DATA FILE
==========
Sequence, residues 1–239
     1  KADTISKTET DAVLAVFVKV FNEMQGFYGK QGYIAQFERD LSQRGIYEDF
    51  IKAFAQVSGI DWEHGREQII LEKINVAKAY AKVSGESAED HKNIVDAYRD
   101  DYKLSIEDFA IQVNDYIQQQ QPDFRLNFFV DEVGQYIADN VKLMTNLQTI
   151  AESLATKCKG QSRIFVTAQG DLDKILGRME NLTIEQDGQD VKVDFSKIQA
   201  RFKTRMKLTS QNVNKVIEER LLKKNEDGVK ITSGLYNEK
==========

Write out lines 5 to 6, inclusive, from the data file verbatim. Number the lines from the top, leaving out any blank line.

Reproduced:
   151  AESLATKCKG QSRIFVTAQG DLDKILGRME NLTIEQDGQD VKVDFSKIQA
   201  RFKTRMKLTS QNVNKVIEER LLKKNEDGVK ITSGLYNEK